Likwid iPhone app lets you bop along to music-based puzzles

Likwid is the latest music based app game from FunMobility. However, whereas most music games stick almost religiously to the tap-a-long format laid down by the likes of Guitar Hero, Likwid prefers brain-bending puzzles. The objective is to fill targets,…

SHINY PREVIEW: Rubik's Touch Cube

Rubiks puzzles. I hate them. Never could solve one. Never had the patience to. However, I do appreciate the genius of their design, well, I did. Until I met the Rubik’s Touch Cube.

The trouble is that it’s exactly the same mental proposition as the original Rubik’s Cube only with a completely rubbish interface in the way. From my, admittedly limited, time with the one in the vid, I found the touch effect pretty terrible and, given that they’re charging £139.99 for each one when they’re launched, I’d chalk it up as “one for the enthusiast”.

Touch technology coming to toys of the 1970s – Rubik's TouchCube

rubiks-touchcube.jpg

Depending on your viewpoint and cynicism levels today, the Rubik’s TouchCube is either an extremely cool update of the 1970s puzzle world-beater, or a cynical attempt to cash-in on today’s touch screen madness.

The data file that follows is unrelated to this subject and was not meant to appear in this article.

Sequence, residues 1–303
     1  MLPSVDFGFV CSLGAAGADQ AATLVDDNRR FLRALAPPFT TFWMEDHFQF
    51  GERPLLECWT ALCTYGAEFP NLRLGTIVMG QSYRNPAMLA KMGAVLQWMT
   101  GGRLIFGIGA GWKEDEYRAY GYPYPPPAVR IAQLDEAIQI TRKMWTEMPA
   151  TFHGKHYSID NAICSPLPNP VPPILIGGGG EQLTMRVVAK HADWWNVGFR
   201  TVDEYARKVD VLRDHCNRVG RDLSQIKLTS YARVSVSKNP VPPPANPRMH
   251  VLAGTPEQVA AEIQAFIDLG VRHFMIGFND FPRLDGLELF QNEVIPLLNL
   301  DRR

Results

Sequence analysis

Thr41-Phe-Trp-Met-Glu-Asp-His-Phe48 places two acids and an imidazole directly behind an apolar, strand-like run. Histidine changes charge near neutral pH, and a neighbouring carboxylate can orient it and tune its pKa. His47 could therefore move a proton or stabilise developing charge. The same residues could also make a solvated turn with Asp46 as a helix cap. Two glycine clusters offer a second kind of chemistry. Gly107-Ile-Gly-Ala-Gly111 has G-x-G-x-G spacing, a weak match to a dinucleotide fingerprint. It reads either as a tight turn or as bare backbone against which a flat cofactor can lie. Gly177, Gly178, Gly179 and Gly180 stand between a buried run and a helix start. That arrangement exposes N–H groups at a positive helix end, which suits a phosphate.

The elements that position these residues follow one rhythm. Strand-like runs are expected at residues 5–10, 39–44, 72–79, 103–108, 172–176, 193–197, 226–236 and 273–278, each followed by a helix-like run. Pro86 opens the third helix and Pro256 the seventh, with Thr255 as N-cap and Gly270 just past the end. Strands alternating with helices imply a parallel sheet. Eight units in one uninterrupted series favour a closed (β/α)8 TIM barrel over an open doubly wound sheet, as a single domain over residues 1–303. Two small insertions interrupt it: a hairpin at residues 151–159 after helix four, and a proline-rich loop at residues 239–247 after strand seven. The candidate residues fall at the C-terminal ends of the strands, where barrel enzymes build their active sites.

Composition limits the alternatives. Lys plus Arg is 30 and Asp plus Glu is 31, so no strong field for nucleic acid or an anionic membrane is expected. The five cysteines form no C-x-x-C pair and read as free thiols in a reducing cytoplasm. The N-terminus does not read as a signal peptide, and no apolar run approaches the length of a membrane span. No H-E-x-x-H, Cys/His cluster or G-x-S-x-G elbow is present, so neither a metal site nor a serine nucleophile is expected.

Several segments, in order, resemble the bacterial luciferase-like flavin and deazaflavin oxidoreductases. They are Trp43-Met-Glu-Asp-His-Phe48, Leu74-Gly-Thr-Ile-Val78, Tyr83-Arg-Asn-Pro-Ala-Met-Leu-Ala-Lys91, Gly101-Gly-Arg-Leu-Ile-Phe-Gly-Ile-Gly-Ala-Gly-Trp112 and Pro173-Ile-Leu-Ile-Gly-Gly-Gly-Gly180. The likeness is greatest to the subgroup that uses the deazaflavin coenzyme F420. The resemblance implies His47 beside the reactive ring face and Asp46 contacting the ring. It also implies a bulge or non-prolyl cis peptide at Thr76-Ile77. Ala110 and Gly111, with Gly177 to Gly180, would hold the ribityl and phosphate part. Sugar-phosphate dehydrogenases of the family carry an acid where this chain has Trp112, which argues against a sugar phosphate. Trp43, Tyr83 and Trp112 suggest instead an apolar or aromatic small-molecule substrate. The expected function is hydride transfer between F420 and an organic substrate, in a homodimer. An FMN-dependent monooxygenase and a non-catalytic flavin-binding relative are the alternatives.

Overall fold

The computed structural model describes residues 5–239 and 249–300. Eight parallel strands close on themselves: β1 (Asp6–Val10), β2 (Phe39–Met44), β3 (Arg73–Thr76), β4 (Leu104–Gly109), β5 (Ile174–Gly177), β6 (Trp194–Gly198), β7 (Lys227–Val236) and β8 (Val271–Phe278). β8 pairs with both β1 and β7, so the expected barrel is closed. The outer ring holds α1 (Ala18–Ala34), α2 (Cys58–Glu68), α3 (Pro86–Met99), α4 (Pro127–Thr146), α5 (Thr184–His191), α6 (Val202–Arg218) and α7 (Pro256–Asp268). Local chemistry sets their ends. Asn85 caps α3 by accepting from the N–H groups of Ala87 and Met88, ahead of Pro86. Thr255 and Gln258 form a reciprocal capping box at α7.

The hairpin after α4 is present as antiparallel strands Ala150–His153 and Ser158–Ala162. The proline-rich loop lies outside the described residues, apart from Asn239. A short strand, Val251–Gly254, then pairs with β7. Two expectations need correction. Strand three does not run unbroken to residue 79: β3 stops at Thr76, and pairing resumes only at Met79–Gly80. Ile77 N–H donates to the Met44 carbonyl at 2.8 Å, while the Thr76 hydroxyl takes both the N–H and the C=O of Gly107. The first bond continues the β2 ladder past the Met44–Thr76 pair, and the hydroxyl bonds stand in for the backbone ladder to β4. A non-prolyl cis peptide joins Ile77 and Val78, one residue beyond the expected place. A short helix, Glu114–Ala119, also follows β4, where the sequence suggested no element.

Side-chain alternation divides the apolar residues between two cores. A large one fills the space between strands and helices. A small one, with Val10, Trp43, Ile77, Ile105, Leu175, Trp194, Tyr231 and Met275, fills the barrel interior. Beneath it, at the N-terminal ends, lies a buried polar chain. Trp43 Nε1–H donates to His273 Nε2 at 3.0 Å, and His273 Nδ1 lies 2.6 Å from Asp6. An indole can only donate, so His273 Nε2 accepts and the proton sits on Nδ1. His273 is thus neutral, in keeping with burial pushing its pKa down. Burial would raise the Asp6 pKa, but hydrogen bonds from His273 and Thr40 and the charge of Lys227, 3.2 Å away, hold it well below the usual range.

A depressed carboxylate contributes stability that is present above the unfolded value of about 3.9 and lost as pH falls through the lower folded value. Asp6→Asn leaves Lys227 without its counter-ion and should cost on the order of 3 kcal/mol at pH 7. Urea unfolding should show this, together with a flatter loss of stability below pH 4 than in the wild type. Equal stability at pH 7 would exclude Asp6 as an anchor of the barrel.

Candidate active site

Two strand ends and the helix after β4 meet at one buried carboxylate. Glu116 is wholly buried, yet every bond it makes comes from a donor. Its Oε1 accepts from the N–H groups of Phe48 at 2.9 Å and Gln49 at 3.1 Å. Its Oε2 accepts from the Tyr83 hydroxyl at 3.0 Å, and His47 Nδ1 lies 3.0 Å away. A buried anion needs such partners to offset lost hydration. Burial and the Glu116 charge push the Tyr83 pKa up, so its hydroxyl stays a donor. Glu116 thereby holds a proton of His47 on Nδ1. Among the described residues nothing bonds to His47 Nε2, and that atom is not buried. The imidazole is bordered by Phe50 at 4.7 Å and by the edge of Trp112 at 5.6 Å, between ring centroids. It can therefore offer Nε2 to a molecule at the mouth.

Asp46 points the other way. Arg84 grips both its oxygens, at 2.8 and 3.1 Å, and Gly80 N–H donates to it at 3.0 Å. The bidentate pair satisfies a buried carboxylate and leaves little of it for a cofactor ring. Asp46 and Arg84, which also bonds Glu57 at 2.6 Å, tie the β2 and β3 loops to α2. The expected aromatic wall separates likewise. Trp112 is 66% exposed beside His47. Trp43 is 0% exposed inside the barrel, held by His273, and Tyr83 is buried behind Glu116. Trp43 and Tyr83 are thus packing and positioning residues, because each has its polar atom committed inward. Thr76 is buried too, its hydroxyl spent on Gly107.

Frankly, we’re prepared to confound your expectations by going for option #1 – it’s a very cool little toy. The Rubik’s TouchCube not only LIGHTS UP for your amusement, it also MAKES SOUNDS – sampled clunks and clicks, similar to those made by furious boffins racing each other to complete the thing the quickest…

You're getting a Rubik's Revolution for Christmas

snoop_dogg-rubik-revolution.jpgWhether you like it or not.

The Revolution is more of a gimmicky remix of the old Cube than a new lifelong challenge, with loads of flashing lights and pre-programmed sounds giving the goldfish-brained youths of today something to stare gormlessly at…

Computer proves Rubik's Cube solvable in 26 moves or less — that's 26 years too late for me

rubiks_cube.gifA computer has calculated that any configuration of the classic 3×3 Rubik’s Cube can be solved in a maximum of 26 moves.

This astounding news comes just weeks after scientists programmed a computer played the perfect game of draughts. Haven’t these computers got anything better to be doing with their CPUs?

The Rubik’s Cube has 43 quintillion (43,000,000,000,000,000,000) possible combinations, so the scientists had to simplify the problem by figuring out which arrangements of the Cube are equivalent, identifying special arrangements of the Cube, and not analysing combinations already solvable in under 26 moves.